Citing a stress-related mental disorder that may become life-threatening if he stays in the race, Salt Lake County Commissioner Dave Watson announced Friday he is giving up his battle for re-election.

Democrats announced they will hold a meeting at 8 a.m. Saturday to pick a new candidate, who will then be nominated over B.T. Price, the only other Democrat to file for the race. Most party officials do not want Price, a perennial candidate, to represent the Democrats in the race.The decision to withdraw, apparently reached in afternoon meetings Friday between Watson and party leaders, came five days after Watson was arrested on suspicion of drunken driving and possession of cocaine.

However, Watson appears firm in his desire not to resign from the commission before his term ends in January 1989, despite pressure from the two other commissioners, both Republicans.

Democrats are legally unable to replace Watson this late in the race unless he dropped out for mental or physical reasons. But the party may have difficulty finding a strong candidate.

John Hiskey, who had been rumored to be the new candidate, said Friday he is not going to run.

"It's been a very difficult decision, but the priorities I have right now center in the (public works) department," said Hiskey, who is the county's director of public works.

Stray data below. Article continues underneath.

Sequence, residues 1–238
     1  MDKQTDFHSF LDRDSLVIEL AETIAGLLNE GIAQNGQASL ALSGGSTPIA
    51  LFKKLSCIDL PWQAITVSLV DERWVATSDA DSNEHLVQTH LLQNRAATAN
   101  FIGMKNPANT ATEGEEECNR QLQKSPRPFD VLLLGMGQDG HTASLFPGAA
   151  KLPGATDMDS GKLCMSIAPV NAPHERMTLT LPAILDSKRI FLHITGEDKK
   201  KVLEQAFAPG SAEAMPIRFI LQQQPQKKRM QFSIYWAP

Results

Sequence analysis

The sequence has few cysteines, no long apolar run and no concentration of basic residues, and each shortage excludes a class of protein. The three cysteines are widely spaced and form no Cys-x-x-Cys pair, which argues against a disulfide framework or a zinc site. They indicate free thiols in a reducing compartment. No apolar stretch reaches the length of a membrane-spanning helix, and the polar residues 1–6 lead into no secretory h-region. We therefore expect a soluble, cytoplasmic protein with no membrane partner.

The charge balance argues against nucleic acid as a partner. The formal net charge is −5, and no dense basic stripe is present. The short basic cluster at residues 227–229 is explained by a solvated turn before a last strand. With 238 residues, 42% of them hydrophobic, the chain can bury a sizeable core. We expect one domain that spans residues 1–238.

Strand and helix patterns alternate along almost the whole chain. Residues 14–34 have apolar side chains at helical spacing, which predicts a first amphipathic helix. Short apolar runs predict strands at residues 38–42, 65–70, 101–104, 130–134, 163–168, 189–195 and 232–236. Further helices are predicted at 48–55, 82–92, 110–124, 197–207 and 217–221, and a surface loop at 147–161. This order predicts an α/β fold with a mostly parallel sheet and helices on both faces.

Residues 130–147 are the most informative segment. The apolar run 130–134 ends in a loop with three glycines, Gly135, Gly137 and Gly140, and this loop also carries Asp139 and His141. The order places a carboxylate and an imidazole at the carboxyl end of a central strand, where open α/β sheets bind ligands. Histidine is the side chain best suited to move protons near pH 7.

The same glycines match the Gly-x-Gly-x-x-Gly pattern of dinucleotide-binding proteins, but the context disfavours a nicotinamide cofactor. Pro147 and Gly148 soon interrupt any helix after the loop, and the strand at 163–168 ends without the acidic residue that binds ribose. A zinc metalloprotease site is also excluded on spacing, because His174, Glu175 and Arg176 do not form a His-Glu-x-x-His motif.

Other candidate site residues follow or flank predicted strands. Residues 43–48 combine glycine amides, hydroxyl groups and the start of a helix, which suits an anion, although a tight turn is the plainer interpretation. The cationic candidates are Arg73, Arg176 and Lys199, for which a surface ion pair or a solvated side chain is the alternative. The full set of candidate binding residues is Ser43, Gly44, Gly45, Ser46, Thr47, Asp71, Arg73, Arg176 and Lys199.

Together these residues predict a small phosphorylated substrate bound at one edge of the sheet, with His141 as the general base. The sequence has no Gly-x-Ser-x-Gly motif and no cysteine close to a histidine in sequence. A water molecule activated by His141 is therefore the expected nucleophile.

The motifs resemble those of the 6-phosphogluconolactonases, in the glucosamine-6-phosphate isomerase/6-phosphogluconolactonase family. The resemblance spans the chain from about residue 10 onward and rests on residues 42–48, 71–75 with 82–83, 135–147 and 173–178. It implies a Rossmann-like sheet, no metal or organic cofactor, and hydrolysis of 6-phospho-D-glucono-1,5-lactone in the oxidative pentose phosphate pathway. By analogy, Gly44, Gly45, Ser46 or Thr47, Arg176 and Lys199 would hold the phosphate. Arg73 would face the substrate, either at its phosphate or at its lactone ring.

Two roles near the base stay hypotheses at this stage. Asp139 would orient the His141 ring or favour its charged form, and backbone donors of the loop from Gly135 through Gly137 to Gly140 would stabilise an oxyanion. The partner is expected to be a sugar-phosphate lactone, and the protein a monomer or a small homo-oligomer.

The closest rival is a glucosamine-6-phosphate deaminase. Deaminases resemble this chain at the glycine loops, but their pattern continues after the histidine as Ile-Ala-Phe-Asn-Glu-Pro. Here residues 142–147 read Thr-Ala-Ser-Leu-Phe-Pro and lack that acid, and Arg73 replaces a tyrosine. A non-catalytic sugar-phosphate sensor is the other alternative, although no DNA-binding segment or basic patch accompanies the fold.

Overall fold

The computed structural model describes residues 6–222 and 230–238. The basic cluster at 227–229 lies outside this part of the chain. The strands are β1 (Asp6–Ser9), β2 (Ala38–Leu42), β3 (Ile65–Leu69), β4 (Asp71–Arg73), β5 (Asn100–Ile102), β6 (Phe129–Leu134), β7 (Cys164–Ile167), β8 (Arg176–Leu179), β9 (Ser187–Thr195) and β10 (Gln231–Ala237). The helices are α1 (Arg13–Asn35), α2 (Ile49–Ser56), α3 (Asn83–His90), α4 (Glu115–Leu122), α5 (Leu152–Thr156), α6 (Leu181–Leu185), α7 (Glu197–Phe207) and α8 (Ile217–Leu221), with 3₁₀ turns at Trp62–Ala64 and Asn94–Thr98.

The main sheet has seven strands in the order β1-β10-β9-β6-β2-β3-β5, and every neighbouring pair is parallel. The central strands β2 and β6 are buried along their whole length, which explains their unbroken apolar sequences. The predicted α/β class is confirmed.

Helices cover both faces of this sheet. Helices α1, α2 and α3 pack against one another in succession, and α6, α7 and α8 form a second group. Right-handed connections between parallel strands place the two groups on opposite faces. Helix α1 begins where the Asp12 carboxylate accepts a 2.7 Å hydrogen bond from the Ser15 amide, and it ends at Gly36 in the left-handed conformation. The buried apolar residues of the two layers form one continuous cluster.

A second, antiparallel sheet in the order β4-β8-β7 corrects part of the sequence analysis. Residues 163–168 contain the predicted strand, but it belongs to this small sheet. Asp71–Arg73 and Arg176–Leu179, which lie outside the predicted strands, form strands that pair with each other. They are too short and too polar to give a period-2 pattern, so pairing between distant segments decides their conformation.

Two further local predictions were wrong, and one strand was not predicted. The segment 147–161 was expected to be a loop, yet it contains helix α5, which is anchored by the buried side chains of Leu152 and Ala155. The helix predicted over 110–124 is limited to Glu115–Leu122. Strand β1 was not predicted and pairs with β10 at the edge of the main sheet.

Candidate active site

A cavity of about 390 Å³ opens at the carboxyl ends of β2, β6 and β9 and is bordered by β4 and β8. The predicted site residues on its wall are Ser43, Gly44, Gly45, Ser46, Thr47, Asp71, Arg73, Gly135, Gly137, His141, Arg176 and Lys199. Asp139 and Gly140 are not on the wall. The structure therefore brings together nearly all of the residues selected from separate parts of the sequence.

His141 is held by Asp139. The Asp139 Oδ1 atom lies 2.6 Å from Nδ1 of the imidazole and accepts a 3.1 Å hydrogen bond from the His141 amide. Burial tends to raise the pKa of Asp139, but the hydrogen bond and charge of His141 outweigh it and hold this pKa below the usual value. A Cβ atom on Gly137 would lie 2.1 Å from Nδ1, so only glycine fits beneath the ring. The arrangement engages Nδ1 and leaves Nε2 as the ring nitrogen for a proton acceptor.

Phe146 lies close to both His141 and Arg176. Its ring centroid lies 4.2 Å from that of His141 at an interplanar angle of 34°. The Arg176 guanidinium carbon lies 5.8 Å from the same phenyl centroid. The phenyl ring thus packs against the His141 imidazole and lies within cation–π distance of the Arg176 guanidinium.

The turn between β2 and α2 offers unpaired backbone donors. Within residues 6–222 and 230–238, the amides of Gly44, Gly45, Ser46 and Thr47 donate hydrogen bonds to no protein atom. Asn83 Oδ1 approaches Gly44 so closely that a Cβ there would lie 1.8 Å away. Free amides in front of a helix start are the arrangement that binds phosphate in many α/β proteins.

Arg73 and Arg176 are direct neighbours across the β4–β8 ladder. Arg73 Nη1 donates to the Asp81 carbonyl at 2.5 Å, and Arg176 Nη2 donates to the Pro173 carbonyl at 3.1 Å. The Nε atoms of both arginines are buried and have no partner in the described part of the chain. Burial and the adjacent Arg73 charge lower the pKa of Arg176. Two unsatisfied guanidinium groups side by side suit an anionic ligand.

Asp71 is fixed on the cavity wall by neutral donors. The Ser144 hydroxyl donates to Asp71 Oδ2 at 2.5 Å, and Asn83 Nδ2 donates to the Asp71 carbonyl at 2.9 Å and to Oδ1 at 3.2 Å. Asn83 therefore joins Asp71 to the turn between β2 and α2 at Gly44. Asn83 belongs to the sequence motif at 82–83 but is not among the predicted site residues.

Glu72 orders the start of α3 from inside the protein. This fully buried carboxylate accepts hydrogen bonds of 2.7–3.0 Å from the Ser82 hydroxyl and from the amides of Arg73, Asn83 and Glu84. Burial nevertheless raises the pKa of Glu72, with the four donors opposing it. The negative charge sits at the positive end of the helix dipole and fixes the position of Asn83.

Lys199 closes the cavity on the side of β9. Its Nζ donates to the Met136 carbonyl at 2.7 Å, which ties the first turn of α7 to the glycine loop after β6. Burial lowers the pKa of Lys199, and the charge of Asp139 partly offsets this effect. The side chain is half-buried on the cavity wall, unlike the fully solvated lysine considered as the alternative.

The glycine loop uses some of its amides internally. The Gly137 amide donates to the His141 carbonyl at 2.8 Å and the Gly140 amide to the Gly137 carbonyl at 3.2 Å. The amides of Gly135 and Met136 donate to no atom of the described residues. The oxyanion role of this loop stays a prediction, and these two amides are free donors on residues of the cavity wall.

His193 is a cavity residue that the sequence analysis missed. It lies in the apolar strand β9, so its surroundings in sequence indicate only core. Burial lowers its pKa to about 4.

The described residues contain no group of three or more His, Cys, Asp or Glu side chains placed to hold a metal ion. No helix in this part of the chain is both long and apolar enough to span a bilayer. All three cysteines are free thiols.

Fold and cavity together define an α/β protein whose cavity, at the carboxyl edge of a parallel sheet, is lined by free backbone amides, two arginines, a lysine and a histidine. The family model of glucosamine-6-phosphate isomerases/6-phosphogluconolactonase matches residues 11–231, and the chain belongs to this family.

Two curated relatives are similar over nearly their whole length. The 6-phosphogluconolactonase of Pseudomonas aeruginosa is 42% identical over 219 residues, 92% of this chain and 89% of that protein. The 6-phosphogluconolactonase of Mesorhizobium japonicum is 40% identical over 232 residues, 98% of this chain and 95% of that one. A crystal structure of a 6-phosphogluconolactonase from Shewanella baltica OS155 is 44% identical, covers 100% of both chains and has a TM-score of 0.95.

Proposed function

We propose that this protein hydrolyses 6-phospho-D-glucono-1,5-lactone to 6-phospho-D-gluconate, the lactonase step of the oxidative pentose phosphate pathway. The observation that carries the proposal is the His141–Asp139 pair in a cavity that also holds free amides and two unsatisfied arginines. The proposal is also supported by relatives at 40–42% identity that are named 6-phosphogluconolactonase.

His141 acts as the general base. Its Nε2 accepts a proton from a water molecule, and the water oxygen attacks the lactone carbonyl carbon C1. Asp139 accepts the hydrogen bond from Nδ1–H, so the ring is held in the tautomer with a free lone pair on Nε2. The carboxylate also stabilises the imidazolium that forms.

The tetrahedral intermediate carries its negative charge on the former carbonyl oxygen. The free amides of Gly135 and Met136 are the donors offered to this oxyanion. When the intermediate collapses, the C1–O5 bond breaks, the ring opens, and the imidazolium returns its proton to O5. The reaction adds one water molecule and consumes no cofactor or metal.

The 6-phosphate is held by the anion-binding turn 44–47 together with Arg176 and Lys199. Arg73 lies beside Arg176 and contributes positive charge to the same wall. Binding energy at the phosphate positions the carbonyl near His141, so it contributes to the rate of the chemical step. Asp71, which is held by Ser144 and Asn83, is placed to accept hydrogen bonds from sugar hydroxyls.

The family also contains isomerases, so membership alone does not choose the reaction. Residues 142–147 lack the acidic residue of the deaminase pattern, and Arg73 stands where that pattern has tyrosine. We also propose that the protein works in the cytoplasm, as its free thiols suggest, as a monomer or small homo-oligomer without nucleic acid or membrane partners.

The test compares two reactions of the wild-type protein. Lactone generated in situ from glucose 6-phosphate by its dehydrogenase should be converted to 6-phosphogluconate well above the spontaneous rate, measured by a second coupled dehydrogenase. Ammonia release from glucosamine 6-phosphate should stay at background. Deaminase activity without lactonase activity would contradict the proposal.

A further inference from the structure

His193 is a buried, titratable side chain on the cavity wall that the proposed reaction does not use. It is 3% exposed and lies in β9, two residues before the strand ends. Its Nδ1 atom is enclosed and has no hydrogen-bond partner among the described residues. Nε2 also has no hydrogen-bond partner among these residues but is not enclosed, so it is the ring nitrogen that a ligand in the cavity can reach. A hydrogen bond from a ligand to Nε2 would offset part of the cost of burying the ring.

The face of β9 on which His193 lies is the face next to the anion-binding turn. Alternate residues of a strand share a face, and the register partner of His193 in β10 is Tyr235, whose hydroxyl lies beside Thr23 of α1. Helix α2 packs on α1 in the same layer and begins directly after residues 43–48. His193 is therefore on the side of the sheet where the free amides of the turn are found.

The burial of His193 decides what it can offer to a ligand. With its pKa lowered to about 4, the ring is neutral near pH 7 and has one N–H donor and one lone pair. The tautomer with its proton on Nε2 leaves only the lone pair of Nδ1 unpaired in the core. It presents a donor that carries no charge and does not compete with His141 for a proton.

Hiskey's decision not to run has left no clear choice for a replacement in the race against heavily favored Republican M. Tom Shimizu, who ended a five-year tenure as commissioner in 1986.

Watson officially withdrew his candidacy at 4:50 p.m. Friday when his attorney, Ron Yengich, entered the county elections clerk's office and presented two letters, one from Dr. Michael R. Lowry of Wasatch Canyons Hospital and the other from Watson.

In his letter, Lowry said he examined Watson on Tuesday and found he had suffered a behavior change because of the stress of the campaign. The legal charges have also created personal as well as professional problems, he said.

Randy Horiuchi, chairman of the state Democratic Party, represented Wasatch Canyons Hospital last year when it won a property tax exemption from the county.

Watson's letter was a three-line typewritten statement announcing he was withdrawing for medical reasons.

Yengich said Watson wants to complete his term in office. Watson's medical problems are not related to drugs or alcohol, Yengich said.

Watson, interviewed earlier Friday, said it appears to be difficult for people to believe he is not addicted to chemicals.

"No one can just accept the fact that it was an incredibly stupid thing and that I've ruined something I cared about for just being stupid," he said about circumstances leading to his arrest.

"When I'm finally allowed to come through and tell what happened, to be frank with you I don't think a lot of people will believe it. But it's what happened. I know it's true."

But Watson's fellow commissioners appear anxious for him to resign before his term expires.

"Serving in office is at least as stressful as running for office," Commission Chairman Bart Barker said. "I have a hard time believing that the County Commission can effectively serve as the alcohol and drug authority unless it is also setting a strong example."